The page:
The United Nations’ World Meteorological Organisation on Wednesday announced that had confirmed the all-time record high temperatures in three zones in Antarctica. The new figures are expected to help understand how the man-made climate change is affecting the region and its weather patterns, the WMO said.
The highest temperature ever recorded in the entire Antarctic region, which includes all land and ice below 60°S latitude, was 19.8°C on January 30, 1982. For the continent, 17.5°C was the maximum temperature ever recorded – on March 24, 2015 – near the northern tip of the Antarctic Peninsula. The Antarctic Plateau, which is the region at or above 8,202 ft, had its highest temperature of -7°C on December 28, 1980.
“The knowledge and verification of such extremes is important in the study of weather patterns, naturally occurring climate variability and human-induced climate change at global and regional scales,” the report said, adding that the records all occurred as a result of an influx of warm air. According to Randall Cerveny, a WMO rapporteur on climate and weather extremes, the study “highlights the need to continually monitor all of the Antarctic region” so climate change can be analysed with the “best possible data”.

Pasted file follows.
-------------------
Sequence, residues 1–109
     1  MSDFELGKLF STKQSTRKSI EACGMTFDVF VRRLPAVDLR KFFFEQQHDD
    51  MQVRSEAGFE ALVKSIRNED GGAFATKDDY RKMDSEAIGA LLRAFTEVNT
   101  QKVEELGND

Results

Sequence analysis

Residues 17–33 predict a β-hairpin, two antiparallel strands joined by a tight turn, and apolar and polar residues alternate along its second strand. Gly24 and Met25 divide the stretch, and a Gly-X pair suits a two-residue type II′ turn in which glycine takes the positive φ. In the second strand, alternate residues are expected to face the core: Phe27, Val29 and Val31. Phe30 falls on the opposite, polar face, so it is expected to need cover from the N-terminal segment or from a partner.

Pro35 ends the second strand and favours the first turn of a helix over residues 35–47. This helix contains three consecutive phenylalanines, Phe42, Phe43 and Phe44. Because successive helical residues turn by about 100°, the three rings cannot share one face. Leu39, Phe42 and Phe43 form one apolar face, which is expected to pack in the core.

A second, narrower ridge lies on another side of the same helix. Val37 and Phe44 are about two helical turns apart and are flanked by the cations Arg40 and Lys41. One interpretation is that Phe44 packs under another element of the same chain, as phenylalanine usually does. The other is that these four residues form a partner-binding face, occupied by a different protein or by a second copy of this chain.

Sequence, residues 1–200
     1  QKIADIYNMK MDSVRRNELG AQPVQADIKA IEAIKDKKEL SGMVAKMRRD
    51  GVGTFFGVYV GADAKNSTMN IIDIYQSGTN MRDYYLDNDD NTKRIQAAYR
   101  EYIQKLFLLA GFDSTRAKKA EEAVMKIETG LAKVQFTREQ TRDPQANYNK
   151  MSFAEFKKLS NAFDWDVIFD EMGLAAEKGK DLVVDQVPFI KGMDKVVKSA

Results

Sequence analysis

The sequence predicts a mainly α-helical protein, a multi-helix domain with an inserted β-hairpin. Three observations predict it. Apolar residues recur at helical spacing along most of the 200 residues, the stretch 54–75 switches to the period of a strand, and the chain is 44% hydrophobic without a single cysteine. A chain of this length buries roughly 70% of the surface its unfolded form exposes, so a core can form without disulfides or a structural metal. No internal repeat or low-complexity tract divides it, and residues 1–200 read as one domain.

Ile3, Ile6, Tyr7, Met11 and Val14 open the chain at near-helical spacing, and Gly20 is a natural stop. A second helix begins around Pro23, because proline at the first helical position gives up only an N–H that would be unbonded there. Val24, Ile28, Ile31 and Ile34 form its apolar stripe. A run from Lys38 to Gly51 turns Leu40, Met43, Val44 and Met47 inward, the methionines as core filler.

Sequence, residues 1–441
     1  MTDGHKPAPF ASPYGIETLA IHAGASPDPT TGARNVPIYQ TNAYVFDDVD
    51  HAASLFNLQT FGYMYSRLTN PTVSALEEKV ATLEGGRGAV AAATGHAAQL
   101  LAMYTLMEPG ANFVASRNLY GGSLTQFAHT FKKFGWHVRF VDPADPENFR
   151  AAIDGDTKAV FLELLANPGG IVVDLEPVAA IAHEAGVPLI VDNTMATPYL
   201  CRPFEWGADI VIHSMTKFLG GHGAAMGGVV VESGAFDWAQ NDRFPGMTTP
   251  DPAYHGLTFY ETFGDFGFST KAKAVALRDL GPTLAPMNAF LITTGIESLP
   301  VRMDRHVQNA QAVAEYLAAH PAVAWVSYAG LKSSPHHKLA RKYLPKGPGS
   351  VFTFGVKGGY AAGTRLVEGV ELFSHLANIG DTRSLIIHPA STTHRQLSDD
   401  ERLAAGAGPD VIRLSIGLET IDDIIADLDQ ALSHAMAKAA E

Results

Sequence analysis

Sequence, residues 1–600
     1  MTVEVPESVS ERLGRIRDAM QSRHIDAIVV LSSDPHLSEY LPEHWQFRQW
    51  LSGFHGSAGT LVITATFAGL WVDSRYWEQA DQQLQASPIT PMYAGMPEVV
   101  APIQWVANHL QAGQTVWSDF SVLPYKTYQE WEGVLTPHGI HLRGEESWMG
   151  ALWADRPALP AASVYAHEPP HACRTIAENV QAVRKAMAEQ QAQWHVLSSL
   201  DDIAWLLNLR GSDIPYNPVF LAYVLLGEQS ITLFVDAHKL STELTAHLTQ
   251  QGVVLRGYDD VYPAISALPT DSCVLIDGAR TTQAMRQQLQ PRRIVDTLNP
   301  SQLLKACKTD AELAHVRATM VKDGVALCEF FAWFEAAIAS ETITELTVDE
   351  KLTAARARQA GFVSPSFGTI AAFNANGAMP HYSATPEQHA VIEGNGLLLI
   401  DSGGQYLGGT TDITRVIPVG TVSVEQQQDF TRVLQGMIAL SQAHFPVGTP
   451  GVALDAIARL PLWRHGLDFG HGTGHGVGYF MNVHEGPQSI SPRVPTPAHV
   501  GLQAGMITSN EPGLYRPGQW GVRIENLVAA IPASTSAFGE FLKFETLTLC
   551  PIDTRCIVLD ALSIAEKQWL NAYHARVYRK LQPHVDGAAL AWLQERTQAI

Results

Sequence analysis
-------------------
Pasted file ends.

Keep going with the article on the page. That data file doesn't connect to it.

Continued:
The Antarctic Peninsula, which is the northwest tip located close to South America, is among the Earth’s fastest warming regions – it has become nearly 3°C warmer over the last half century, which is three times the global average. Its glaciers have also been retreating at a faster pace in the last 12 years. If Antarctica’s 4.8-km-thick ice sheet, which contains 90% of the world’s fresh water, were to melt, it would raise sea levels by 60 metres.